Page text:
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Dylan SJ Perez

Clearing certain area of a filled space (To make it transparent)

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Hi everyone, I'm working on a logo and I'm trying to get rid of 2 filled sections of some triangles, the outlines are already done but the fill is still there, the area that I want to clear is the red crossed out part, does anyone know how to do this?

 

The way I was thinking to do is just clear the fill and use shapes to fill it in instead, merge those and then select the colour, but I feel like that'll take longer than other solutions

 

I've attached a screenshot

 

Thanks

Capture.PNG

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It would be easier to tell if the groups weren’t collapsed in your screenshot, but it looks as though you just need to hide the ‘Logo’ group, select the two outline shapes in the other group and apply the desired fill directly to the selected shapes.


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Affinity Designer/Photo/Publisher 1.7.1.404 • Windows 10 Home (4th gen Core i3 CPU)
Affinity Photo for iPad 1.7.1.143 • Designer for iPad 1.7.1.1 • iOS 12.3.1 (iPad Air 2)

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8 minutes ago, Alfred said:

It would be easier to tell if the ‘Logo’ group weren’t collapsed in your screenshot, but it looks as though you just need to hide that group, select the two outline shapes and apply the desired fill directly to the selected shapes.

 

I completely forgot that everything I needed was already cleared, I managed to figure it out, all I had to do was remove the fill, but now everything's transparent, I'll attach the screenshot of the current stats (with the necessary sections expanded)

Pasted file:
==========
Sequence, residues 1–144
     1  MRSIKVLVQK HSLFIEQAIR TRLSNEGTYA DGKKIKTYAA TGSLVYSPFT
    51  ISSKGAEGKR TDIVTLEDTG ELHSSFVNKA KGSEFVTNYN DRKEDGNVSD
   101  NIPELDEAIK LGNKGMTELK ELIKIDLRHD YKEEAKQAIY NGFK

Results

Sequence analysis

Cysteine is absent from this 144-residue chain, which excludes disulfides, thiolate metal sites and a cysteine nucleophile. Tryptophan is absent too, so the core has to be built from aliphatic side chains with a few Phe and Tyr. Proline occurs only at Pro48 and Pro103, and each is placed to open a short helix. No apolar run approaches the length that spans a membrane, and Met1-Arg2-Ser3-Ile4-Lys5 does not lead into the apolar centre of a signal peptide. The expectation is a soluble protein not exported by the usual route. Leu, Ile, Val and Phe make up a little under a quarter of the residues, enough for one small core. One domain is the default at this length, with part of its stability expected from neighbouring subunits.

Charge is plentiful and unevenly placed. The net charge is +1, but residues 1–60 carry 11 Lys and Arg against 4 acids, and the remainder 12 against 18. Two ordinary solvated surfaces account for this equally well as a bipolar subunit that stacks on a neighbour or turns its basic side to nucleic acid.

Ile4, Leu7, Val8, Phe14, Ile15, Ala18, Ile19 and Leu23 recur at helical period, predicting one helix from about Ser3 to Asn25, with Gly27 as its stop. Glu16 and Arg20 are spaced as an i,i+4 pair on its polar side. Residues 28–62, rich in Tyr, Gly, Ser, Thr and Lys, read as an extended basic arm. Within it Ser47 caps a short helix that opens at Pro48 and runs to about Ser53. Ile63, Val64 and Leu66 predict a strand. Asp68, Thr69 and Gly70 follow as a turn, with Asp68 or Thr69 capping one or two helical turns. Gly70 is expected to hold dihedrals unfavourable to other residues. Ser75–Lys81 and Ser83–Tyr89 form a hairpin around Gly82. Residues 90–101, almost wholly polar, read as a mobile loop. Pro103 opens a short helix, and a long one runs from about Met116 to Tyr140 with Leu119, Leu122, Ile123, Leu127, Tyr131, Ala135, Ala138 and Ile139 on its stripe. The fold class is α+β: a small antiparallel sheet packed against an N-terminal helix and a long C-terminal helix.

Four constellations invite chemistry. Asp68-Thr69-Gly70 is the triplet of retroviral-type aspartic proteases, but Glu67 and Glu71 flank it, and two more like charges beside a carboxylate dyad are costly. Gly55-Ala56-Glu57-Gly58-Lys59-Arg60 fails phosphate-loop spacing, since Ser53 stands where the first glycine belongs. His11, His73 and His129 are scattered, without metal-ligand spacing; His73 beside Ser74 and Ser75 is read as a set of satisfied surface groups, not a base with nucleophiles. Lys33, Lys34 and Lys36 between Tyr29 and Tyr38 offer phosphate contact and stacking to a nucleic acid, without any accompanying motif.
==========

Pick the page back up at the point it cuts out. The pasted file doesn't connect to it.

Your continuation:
Based off my understanding I now have to join all of the curves for each side (the N on the left and C on the right) so that there'll only bee 2 entities, if that makes sense? How could I do that?


Cheers

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4 minutes ago, Dylan SJ Perez said:

Based off my understanding I now have to join all of the curves for each side (the N on the left and C on the right) so that there'll only bee 2 entities, if that makes sense? How could I do that?

 

If you explore the buttons in the Action section of the toolbar, you’ll find that one of them is the ‘Join Curves’ button. Select the two curves of the N and then press that button; repeat for the two curves of the C. You could finish off by pressing the ‘Close Curve’ button to join the start and end nodes of the selected curve with a straight line, but that isn’t really necessary since there are no gaps in this case.


Alfred online2long.gif
Affinity Designer/Photo/Publisher 1.7.1.404 • Windows 10 Home (4th gen Core i3 CPU)
Affinity Photo for iPad 1.7.1.143 • Designer for iPad 1.7.1.1 • iOS 12.3.1 (iPad Air 2)

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4 minutes ago, Alfred said:

 

If you explore the buttons in the Action section of the toolbar, you’ll find that one of them is the ‘Join Curves’ button. Select the two curves of the N and then press that button; repeat for the two curves of the C. You could finish off by pressing the ‘Close Curve’ button to join the start and end nodes of the selected curve with a straight line, but that isn’t really necessary since there are no gaps in this case.